It is caused by body parasites, which may be protozoans,
monogenetic flukes, or often a combination.
Try raising the temperature and adding salt,
or more salt if you currently use it.
If there is no improvement, try Clout,
Methylene Blue, or an ich remedy.
In the case that the fish is still in distress,
use a fluke insecticide.
Formalin is another effective remedy.
The fish should be isolated for treatment.
Larger External Parasites (Multi-Celled)
A crustacean (copepod), it is not really a worm.
It resembles a twig with a “v” on the end
as the female hangs out of the fish with a deep anchor.
It can be up to 2 cm long and has 2 egg sacs hanging from it.
The fish can become weak and thin.
The eggs are released
and a hole is left in the fish which may become infected.
This parasite usually affects only cold-water fish
such as goldfish but is sometimes seen in guppies
that have been raised in ponds or were recently imported.
In my experience, it does not transmit very well in an aquarium,
however a fluke insecticide should be used.
These are smaller than anchor worms,
too small to be visible to the naked eye.
There are several types of flukes (monogenetic)
that show up in aquariums.
These are all flatworms that grow only as long as 1 mm in length.
Younger fish are particularly affected
due to their size and action must be immediate.
trichloromethyl: Luckily, this takes care of all of types of flukes.
However this ingredient breaks down quickly in warm,
alkaline water, normally the guppy’s habitat,
and a more aggressive treatment
than what is prescribed on the remedies is needed.
A couple of brand-name remedies
include Jungle’s Parasite Guard
and Aquarium Product’s Life Bearer (very safe for fry).
This is a solution of formaldehyde gas in water in various percentages.
However, this is a dangerous chemical
and it must be used with caution-do not come
in physical contact with it and do not inhale the vapour.
It removes oxygen and can damage the gills (aeration is important);
it adversely affects your bio filter;
some plants are sensitive to formalin;
it is more toxic in soft water;
store away from any light.
a toxic white substance develops – in this case do not use it.
Quick Cure by Aquarium Products contains 99.2% formaldehyde.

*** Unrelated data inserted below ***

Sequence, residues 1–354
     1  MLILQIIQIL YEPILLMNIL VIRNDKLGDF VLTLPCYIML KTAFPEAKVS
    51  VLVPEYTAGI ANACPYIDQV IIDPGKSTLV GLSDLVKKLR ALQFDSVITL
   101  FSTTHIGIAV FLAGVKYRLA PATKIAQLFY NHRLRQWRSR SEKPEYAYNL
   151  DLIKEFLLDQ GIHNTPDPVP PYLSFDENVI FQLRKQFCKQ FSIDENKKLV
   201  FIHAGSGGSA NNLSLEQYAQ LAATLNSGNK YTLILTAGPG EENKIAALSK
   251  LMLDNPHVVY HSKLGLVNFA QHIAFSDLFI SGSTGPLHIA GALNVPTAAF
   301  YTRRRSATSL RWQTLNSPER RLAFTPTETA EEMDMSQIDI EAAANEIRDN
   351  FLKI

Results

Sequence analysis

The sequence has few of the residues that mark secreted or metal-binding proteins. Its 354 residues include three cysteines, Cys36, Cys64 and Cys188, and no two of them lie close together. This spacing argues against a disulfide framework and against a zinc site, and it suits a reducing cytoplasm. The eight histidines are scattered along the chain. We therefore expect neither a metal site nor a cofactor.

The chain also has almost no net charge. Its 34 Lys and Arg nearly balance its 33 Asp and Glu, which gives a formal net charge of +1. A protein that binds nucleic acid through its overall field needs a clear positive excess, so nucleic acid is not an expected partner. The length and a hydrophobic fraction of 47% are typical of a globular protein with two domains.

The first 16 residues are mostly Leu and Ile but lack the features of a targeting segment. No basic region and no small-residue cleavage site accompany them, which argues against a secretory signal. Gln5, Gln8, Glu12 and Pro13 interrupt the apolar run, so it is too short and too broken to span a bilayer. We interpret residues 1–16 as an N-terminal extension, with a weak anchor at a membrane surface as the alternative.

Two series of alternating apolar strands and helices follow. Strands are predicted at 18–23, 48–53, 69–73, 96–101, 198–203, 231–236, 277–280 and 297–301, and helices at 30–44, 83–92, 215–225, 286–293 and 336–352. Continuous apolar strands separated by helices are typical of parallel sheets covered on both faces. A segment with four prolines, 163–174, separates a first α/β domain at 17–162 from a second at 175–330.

NEVER mix Formalin and potassium permanganate
because the combination can be explosive.
Flukes often reappear
and it may take many treatments before they are eradicated.
Be careful not to contaminate other tanks when you see an outbreak
because flukes can spread easily in just a drop of water!
Make frequent water changes,
keep the filter clean and rinse
all maintenance gear with very hot water.
Gill Flukes “Gill Worms”
There are 3 types of these parasites
and their effect is sometimes called “Gill Disease”.
The symptoms are reddened/inflamed/bleeding/slimy gills,
growths, and heavy breathing near the water surface.
There are actually 3 types
and they eventually destroy the gills.
One type, Diplozoa, is large enough to be seen (1.5 cm)
and appears to be a gray/brown worm in the gills.
The gills will bleed and the fish will have trouble breathing.
These seem to be common in guppy tanks.
Gyrodactylus, a sucking worm, is a live bearer on its own.
It attacks the skin and can only be seen under a microscope.
Usually the first symptom a guppy shows is scratching
on ornaments or the bottom
in an effort to rid itself of the parasite.
Imagine yourself with leeches all over!
Fry normally display closed tails,
or “pin tail” as they grossly affect the fins.
The tail may completely fall off.
Heavy infestations cause a grayish look to the skin,
sometimes even inflammation and redness.
Usually fry are dead before they succumb to this symptom.
Action must be immediate with young guppies.
These are nematodes, also called roundworms or threadworms.
The most commonly seen in guppies is Camallanus,
which can reach up to 2 cm in length.
They are reddish-brown or orange, and can be seen
protruding from the anus like a tiny paintbrush.
These worms are occasionally seen in guppies
that have been kept in ponds and fed live Cyclops
(avoid feeding your fish this food).
Cyclops can also be introduced with new live plants,
so make sure to wash your new plants thoroughly
before adding them to your tank.
Other intestinal worms usually do not pose a threat
in aquariums since they have a rather complicated life cycle,
but Camallanus nematodes are capable of passing
from one fish to another.
It may be advisable to destroy the infected fish,
unless it is a valuable breeder,
and use an anthelmintic treatment on the tank.
Such medication is hard on guppies,
particularly pregnant females.
You can try Jungle’s Internal Parasite Guard,
Pepso food, and Tetra’s Anti-Parasite Medicated flakes.
Garlic helps ward off these worms
and many breeders add it to their dry food or beef heart recipe.